Description 1. Field of the Invention The invention is directed toward medical imaging systems, and more particularly toward minimizing unwanted clutter signals in an estimation of blood velocity while maintaining sensitivity to low velocity blood flow. 2. Description of the Prior Art Diagnostic ultrasound equipment transmits sound energy into the human body and receives signals reflecting off tissue and organs such as the heart, liver, kidney, etc. These sound waves also reflect off blood cells that move through vessels and capillaries in tissue. Signals received by ultrasound devices are the a vector sum of waves reflecting off tissue components, e.g., heart wall, vessel wall, etc., and waves reflecting off blood cells. Blood flow patterns are obtained from Doppler shifts or shifts in time domain cross correlation functions, due to blood cell motion, of reflected sound waves and displayed in a two-dimensional format known as Color Flow Imaging or Color Velocity Imaging. Generally, the amplitudes of reflected components for structures such as the heart or vessel walls have lower absolute velocities and are 20 dB to 40 dB (10-100 times) larger than reflected components due to blood cells. Algorithms that estimate blood velocities must account for effects due to clutter, that is, signal components from “stationary” or slowly moving structures such as the heart, liver, etc. Prior art devices used fixed-frequency, fixed-order filtering techniques to remove or reduce the impact of clutter in velocity estimation. Also, prior art devices have used adaptive techniques such as null steering (see U.S. Pat. Nos. 4,016,528 and 5,197,477) to reduce or eliminate effects due to clutter. Still others propose parametric techniques to account for clutter (U.S. Pat. No. 5,228,009). Generally, filter-based techniques require less computation than parametric techniques. However, filter-based techniques suffer from fixing the order of the filter. Filter-based techniques must assume clutter is sufficiently narrow band for fixed order filtering, otherwise the filter order must be over-specified to account for worst case clutter conditions. It is an object of the present invention to provide a filtering technique that minimizes unwanted clutter signals in the estimate of blood velocity while maintaining sensitivity to low velocity blood flow. It is another object of the present invention to provide an autoregressive parametric technique that dynamically and adaptively modifies filter coefficients and filter order, providing optimum filtering in the presence of low level or high level clutter. This invention addresses clutter reduction in two ways. Firstly, it modifies the order of the clutter filter based on the power and mean frequency of the ultrasound blood plus clutter signal. Secondly, it modifies clutter filter coefficients based on concepts set forth in linear prediction and adaptive lattice filtering. Accordingly, the present invention provides a system and method for implementing a clutter filter based on concepts in the field of linear prediction. The filter increases the order of the filter and determines filter coefficients based on the input signal and user definable control inputs. The filter coefficients are determined such that the filter zeros correspond to partial correlation coefficients, or are on the unit circle at the frequency of the partial correlation coefficients, or are selected from a predefined table of filter coefficients. Dynamic and adaptive modification of filter order and filter coefficients allows fine tuning the clutter filter based on a particular application or tissue type. The method acquires clutter and blood data. Next, the signal strength and frequency of the data are estimated. Through an iterative process, the signal strength and frequency are each determined to be within one of several ranges, and the data is processed according to those signal strength and frequency ranges. The data may be passed unaltered, filtered according to a reflection coefficient or filtered according to a predefined filter coefficient. FIG. 1 is a block diagram of a clutter filter in accordance with the present invention, FIG. 2 is a block diagram of a preferred embodiment of a clutter filter in accordance with the present invention. FIG. 3 is a flowchart of an adaptive clutter filter implemented in accordance with the present invention. FIG. 4 is a flowchart of an alternative embodiment of an adaptive clutter filter implemented in accordance with the present invention. FIG. 5 is a block diagram of a computer system suited for execution of a program that implements a clutter filter in accordance with the present invention. FIG. 6 is a block diagram of a preferred embodiment of a lattice filter coefficient calculator. A Color Flow Image or Color Velocity Image is composed of velocity estimates collected along radial image lines. One radial image line of velocity estimates is obtained from a set of ultrasonic Pulse-Echo sequences. Typically, one line of velocity estimates is composed of from 4 to 16 Pulse-Echo sequences or Pulse Repetition Periods. As discussed below, the present invention stems from two physiologic observations. The first observation is that clutter, i.e., the unwanted portion of a physiologic ultrasound echo return, tends to be highly correlated. This high degree of correlation exists both in fast time, along the depth dimension, and in slow time, from one Pulse Repetition Period to the next. Clutter signals typically have a slow phase variation from one pulse echo period to the next, and as such, tend to be low frequency signals with a narrow bandwidth. Echo data that is collected at a given depth and across multiple pulse repetition periods is termed a flow packet. The present invention is directed towards clutter that exists in slow time across a flow packet. Linear predictive filtering adaptively removes correlated components of a data stream. In the case of color flow imaging, the data stream is a flow packet. Thus, the present filtering scheme, which is based on linear prediction techniques, is well suited for removing clutter from a signal that includes both echoes from blood and from clutter. The second observation is that the magnitude of a clutter signal can range from being much larger than that of a desired blood signal, to being smaller than that of the desired blood signal. When the clutter signal magnitude is much larger than that of the desired blood signal, such as in or near the walls of the heart, the clutter filter preferably provides a high degree of filtering. However, when clutter is lower in magnitude than the desired signal, such as in the center of the heart's left ventricle, a clutter filter preferably provides very little filtering of the combined blood and clutter signals. Both of these observations give rise to the filter architecture of the present invention, which combines the concepts of linear predictive filtering and selection of filter order on the basis of signal strength. More particularly, the filter architecture is based on linear prediction lattice filtering. Linear predictive filtering is a technique that estimates the spectral content of a signal by appropriate selection of filter coefficients. A signal can be thought of as a summation of a set of sinusoids and noise. As an example, for a signal that is composed of two sinusoids at two different frequencies and Gaussian noise, a linear predictive filter can be built which will filter out the coherent or sinusoidal components and leave the incoherent or noise components. The filter coefficients for this filter can be determined using constrained minimization techniques. Burg developed a method that estimates these filter coefficients also know as reflection coefficients, by minimizing both forward and backward mean square prediction errors or prediction error power. Prediction error is the difference between an actual signal value and a signal value predicted from future or past signal values. The difference between the actual signal and a signal value predicted from past signal values is termed forward prediction error. The difference between the actual signal and a signal value predicted from future signal values is termed backward prediction error. Linear prediction is a technique that identifies the principal or coherent components of a signal. Linear prediction identifies these coherent signal components by selecting filter coefficients that minimize prediction error. A thorough explanation of forward and backward prediction error can be found in either Kay, Steven M., Modern Spectral Estimation—Theory and Application, Prentice Hall, 1987, or Clarkson, Peter M., Optimal and Adaptive Signal Processing, CRC Press, 1993. Kay provides a detailed description of linear prediction lattice filtering in “Modern Spectral Estimation Theory and Application”, Prentice Hall, 1988. In the above example, the input signal is composed of two sinusoids. The ability of the linear predictive filter to remove both sinusoid signal components is a function of the length or order of the filter. For the above example, a second order predictor is sufficient for completely filtering the sinusoidal components of the input signal. The sinusoidal components are filtered by placing filter zeros at the frequency of the signal components. The frequency response of a finite impulse response (FIR) filter is described by a polynomial. The roots of this polynomial describe where in the frequency domain the output of filter approaches zero. A lattice filter is a FIR filter that offers an alternative to the direct form implementation of a digital FIR filter. The lattice filter provides a modular structure and is easy to test for stability. The lattice filter has advantages in finite word length implementations and has low sensitivity to quantization noise. The Burg method is used to estimate the reflection coefficients, and then a Levinson recursion is used to obtain autoregressive (AR) parameter estimates. The reflection coefficient estimates are obtained by minimizing estimates of the prediction error power for different order predictors in a recursive manner. The Burg algorithm allows the zeros to move within or on the unit circle. The location of the zeros is data dependent. For narrow bandwidths, the zeros are on the unit circle, while for wide bandwidths the zeros are within the unit circle. Other prediction algorithms exist, and the filter architecture of the present invention can use any convenient algorithm for determining filter coefficients. The reflection coefficients, which are derived from the Burg method, are also known as filter coefficients, and these filter or reflection coefficients are determined from the input data by a process of partial correlation. Partial correlation allows examination of the relationship between two variables with the statistical effect from a third variable (or third and forth etc.) removed from both. The result is that the filter or reflection coefficients are equal to the negative of the partial correlation coefficients. One embodiment of the present invention is a method for adaptive filtering of clutter from a sample stream having a blood signal component and a clutter signal component. In brief, the method comprises the steps of (a) estimating a signal strength and a frequency of the sample stream, and (b) determining a zero of a filter based on a linear prediction analysis of the sample stream when the signal strength estimate falls within a predetermined range of signal strengths and when the frequency estimate falls within a predetermined range of frequencies. The filter receives the sample stream and provides an output stream having a reduced level of the clutter signal component relative to the blood signal component. Thus, filter order and filter coefficients are based on input signal level, signal frequency, predefined thresholds and predefined filter coefficients. Dynamic and adaptive determination of filter zeros allows fine tuning the clutter filter based on application or tissue type. In addition, filter order may be changed according to signal strength and signal frequency. The relationships between signal strength, frequency and filter order are programmable via lookup tables. This programmability allows the systems designer to optimize the filter performance based on the application. FIG. 1 is a schematic of a clutter filter A filter zero causes the filter output to approach zero at a specific frequency, hence the term “filter zero”. Filter order is the number of zeros defined in the filter. Zero selection is a defining of one or more frequencies at which zeros are located. Coefficient calculator Lattice filter FIR filter Clutter Filter As an illustration of the operation of clutter filter where: N=number of samples in a flow packet; e e e e m=the lattice filter stage (for lattice filter Coefficient calculator For this example, the lookup table of lattice filter coefficient calculator For high input power conditions of x(n), filter coefficients C C For medium input power conditions of x(n), filter coefficients C C For low input power conditions of x(n), filter coefficients C C For very low input power conditions of x(n), the coefficients for lattice filter Filter coefficients C In the above example, the filter zeros for lattice filter Traditional velocity estimators incorrectly estimate the blood velocity for Power Range 3 to lie between the Doppler shifted frequency of the blood and clutter components. Under the assumption that absolute blood velocities are greater than clutter velocities, a more accurate determination of the blood mean frequency for Power Range 3 can be estimated via a combination of reflection coefficient k a _{m} [i]=k _{m} ; i=m, m=1,2,3, . . . p (2)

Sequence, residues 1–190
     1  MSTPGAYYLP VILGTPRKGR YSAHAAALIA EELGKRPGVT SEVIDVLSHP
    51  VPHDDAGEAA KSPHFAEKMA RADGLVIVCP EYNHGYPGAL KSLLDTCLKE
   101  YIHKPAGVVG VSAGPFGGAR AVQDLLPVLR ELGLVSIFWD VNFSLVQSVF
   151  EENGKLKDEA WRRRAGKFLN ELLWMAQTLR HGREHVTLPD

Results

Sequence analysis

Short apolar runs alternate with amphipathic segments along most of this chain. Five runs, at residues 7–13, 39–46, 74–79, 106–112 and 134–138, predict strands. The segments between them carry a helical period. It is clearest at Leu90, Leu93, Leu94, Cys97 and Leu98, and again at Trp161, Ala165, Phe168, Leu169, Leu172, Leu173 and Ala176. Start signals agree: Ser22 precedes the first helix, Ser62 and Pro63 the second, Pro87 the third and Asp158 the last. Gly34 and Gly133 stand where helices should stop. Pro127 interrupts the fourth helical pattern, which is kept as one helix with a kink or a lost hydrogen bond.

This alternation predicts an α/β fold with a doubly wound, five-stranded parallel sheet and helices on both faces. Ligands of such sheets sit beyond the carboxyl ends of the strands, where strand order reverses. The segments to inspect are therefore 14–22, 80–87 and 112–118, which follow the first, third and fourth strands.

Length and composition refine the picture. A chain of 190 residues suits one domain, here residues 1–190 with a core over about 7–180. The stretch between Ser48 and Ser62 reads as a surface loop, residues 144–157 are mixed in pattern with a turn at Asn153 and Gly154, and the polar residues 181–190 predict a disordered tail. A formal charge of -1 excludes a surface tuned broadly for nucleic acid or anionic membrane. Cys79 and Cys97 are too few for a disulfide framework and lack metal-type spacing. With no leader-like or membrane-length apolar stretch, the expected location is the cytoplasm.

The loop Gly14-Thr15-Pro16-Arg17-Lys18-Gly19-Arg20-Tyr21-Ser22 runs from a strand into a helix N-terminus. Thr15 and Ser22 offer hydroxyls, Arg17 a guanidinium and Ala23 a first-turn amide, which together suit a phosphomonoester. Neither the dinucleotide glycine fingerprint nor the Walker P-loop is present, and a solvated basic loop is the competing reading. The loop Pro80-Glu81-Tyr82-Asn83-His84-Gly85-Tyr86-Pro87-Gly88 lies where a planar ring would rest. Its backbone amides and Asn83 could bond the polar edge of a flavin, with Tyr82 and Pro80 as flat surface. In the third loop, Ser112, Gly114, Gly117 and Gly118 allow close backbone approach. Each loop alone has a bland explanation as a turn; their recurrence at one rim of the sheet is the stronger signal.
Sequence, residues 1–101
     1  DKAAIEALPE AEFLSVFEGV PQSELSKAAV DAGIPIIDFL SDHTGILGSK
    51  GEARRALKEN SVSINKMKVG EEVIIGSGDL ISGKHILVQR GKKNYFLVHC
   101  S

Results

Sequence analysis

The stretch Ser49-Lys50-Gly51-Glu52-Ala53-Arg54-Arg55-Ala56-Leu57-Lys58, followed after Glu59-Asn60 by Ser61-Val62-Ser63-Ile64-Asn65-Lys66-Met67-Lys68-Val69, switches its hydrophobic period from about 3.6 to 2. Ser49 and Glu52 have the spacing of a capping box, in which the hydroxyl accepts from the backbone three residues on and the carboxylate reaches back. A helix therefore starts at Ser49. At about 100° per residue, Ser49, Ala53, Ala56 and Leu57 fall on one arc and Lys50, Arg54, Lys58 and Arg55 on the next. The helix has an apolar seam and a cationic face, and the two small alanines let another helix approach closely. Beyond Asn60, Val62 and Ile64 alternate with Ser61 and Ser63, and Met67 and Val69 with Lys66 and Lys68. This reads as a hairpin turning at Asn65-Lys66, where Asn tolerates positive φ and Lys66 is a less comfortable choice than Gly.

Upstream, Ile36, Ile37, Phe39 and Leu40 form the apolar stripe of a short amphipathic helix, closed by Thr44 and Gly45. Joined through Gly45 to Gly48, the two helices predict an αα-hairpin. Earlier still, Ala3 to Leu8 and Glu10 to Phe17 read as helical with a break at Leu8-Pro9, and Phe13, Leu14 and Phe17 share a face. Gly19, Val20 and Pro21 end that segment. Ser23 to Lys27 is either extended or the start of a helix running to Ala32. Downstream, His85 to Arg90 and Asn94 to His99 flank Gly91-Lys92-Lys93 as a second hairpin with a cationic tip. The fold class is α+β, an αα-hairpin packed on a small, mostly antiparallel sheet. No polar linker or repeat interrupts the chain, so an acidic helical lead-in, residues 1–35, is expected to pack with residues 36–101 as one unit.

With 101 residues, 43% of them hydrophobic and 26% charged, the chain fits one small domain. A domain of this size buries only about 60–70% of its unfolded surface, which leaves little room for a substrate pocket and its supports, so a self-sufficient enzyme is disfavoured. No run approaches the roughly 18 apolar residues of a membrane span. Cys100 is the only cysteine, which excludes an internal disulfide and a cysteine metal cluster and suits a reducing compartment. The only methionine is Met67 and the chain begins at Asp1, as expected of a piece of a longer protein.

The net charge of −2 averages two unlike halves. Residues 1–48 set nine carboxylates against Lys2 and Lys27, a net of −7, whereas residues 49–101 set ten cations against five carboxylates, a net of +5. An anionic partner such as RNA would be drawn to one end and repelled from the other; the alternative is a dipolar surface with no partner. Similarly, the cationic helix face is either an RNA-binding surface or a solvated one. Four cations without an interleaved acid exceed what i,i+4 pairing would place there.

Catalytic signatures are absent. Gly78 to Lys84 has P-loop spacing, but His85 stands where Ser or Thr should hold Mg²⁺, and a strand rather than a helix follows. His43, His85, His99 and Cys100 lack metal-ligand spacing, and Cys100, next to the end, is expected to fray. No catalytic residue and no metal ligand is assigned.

where p is the model order and AR model coefficients are given by a These AR coefficients can be used to estimate mean-Doppler-frequency of blood and/or clutter components of ultrasonic signals. Depending on the filter and/or model order, blood velocity can be estimated from the angle of resulting AR coefficients or estimated from the angle of the roots of the resulting AR system. As an additional example, for a second order model, p=2, with C